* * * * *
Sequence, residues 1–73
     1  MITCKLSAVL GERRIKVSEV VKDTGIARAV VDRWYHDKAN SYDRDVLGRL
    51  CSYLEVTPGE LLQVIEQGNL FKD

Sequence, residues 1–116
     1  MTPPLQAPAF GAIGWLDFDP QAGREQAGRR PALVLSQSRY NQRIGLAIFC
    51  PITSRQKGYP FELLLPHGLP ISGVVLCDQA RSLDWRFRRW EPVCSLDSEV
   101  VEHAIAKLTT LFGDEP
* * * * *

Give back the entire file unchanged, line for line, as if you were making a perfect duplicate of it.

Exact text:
Sequence, residues 1–73
     1  MITCKLSAVL GERRIKVSEV VKDTGIARAV VDRWYHDKAN SYDRDVLGRL
    51  CSYLEVTPGE LLQVIEQGNL FKD

Sequence, residues 1–116
     1  MTPPLQAPAF GAIGWLDFDP QAGREQAGRR PALVLSQSRY NQRIGLAIFC
    51  PITSRQKGYP FELLLPHGLP ISGVVLCDQA RSLDWRFRRW EPVCSLDSEV
   101  VEHAIAKLTT LFGDEP